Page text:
My dad is a programmer, so growing up, using computers was second nature to me. I think my parents were ahead of the curve, recognizing very early on the potential of games and interactive programs as powerful teaching tools. I learned about English, math, and history by playing games. I learned typing from Mavis Beacon and geography from Carmen San Diego. Perhaps more fundamental than any of that was the reading and critical-thinking skills I gained from interactive story games. One in particular stands apart in my memory. Ruff’s Bone is the story of a tenacious pooch who pursues a thrown-bone into the depths of the earth, passing through obstacles and distractions to retrieve his bone and return it to the surface, presenting it to his master. Games like that and many others were instrumental in developing my ability to learn and to think. They inspired me to learn by filling me with wonder, not just of the virtual, but of the reality behind the virtual. As a child, I never played to escape from reality, but rather to expand my understanding of it.
More than any game I’ve played in recent years, Botanicula took me back to that childhood, where games were not a job or even hobby, but a source of wonder.
Developed by Amanita Design, a team of less than ten Czech artists and programmers, Botanicula is the story of five oh-so-adorable botanical friends who embark on a journey to save a tree from the scary-dark spider-creatures that are sucking the very life from it. In the games’ 4ish hours, you will click your way from screen to screen, solving challenges and helping out the multitude of critters you meet along the way.
If the games’ message isn’t clear enough from the description, Botanicula is about saving the trees. If you’re skeptical, consider the fact that one of their primary delivery platforms, Humble Bundle, is donating a portion of all proceeds to the World Land Trust, an organization that is dedicated to saving the trees. Which is great; I wholeheartedly endorse care for the environment.
You could call it a puzzle game, but the puzzles you’ll encounter are very atypical, sometimes frustrating in the vagueness of their solutions. As I played through the game and my delight occasionally gave way to confusion, I found myself wishing that some of the puzzles were easier. But the confusion too, finds its place in the games’ larger meaning. As developers make their point that preventing deforestation matters, they refuse to hold your hand. Gone is the hint feature of Amanita’s last work, Machinarium. When a woodland mama communicates that she won’t give you what you need to progress until you can put some food on the table for her three adorable woodland youngsters, you’re going to have to figure it out on your own. You need your critical thinking skills activated, and not just to play the game, but to make a difference in the real world, for saving the trees can be tricky business.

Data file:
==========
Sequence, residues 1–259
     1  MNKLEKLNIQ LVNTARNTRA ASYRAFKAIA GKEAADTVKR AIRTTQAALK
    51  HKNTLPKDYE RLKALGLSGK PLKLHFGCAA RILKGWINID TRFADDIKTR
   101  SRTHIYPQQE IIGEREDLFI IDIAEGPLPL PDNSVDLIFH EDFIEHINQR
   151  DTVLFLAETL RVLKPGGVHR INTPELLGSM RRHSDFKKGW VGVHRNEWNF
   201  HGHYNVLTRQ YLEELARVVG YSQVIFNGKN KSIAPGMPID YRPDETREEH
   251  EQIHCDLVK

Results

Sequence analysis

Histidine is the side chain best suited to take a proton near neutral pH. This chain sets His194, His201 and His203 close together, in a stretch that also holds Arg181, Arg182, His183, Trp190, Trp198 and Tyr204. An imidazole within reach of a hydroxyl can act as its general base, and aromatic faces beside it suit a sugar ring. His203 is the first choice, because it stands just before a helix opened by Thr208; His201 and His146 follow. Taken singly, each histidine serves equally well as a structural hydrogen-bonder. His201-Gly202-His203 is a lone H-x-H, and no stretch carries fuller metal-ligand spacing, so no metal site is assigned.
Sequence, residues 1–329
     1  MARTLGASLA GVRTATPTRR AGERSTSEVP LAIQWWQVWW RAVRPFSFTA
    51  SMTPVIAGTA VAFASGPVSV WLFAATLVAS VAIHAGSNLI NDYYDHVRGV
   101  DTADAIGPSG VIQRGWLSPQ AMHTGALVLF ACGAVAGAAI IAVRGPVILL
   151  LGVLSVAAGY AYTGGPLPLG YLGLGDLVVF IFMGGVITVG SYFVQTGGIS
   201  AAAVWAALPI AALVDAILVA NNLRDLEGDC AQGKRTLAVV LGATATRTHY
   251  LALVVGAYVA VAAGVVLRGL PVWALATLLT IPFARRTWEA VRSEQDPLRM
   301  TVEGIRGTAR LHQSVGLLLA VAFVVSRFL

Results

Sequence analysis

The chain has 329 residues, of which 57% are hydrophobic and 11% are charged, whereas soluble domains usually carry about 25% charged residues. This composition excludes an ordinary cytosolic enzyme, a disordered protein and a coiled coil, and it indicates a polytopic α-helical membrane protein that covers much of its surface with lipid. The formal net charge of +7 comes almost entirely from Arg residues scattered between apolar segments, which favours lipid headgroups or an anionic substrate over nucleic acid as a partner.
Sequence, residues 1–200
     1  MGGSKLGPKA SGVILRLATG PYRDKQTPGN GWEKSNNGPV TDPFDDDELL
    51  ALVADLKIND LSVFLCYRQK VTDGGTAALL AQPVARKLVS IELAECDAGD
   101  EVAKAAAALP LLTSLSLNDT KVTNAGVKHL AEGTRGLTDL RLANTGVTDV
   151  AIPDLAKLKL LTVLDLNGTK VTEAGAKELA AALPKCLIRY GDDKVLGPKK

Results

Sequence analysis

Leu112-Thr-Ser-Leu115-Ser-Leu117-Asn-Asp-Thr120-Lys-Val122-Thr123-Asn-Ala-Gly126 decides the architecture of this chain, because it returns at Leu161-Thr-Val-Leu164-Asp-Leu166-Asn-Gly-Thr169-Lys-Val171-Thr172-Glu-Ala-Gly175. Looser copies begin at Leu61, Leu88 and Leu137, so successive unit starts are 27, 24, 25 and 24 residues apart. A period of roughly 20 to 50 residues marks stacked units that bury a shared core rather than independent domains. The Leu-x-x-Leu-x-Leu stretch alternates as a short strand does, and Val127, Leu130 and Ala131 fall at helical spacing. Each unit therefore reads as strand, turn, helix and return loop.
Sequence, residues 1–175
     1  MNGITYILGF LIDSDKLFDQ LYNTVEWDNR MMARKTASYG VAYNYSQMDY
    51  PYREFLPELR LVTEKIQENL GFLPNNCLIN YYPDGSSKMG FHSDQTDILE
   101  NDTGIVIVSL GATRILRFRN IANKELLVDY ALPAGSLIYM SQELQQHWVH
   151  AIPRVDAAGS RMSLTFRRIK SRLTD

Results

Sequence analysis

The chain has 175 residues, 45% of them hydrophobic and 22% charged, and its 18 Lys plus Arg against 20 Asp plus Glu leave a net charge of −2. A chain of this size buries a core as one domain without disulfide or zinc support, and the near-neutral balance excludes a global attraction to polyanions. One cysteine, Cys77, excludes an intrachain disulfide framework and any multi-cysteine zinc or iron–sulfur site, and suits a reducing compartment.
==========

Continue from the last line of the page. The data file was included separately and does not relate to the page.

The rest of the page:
Understand: much ado has been made about the creativity and ambiance of the game. Yes, yes; visually the game is fascinating in the way that laying in warm grass and staring at twigs and dirt and roots through a magnifying glass is fascinating. What’s more, this collage of a world is certainly not a still life. It is completely alive with the hums and crackles of living things, and as your victories are highlighted by some of the cutest triumphant music you have ever heard, your inner child will leap for joy. Yet for all this, Botanicula’s greatest strength is not simply its sheer beauty and wonder, but the way it uses those things to make its point. Botanicula is at its most beautiful when it is most clearly inspired by nature, and that is the point: that nature itself is the inspiration, and because of this innate virtue, it is worth preserving.
I am one of those who dares to dream that games would continue to shake off the constraints of a bygone era and continue to become a medium capable of edifying and not simply entertaining players. By creating an inspiring world so fully alive with sound and color, and by forcing the player to engage their critical thinking in unconventional ways, Botanicula makes a point worth making.
Videogames’ latest coming of age opinion piece was written recently by Taylor Clark for Kotaku. In it he speaks boldly against the “dumbness” of games in their present state, calling for more “smart games”. He makes some valid points, but I can’t help but feel as though he makes something of a false dichotomy between “smart” and “dumb” videogames. Botanicula is certainly not just another “dumb” game. But when I play it, I do not feel older and smarter, I feel younger and more alive.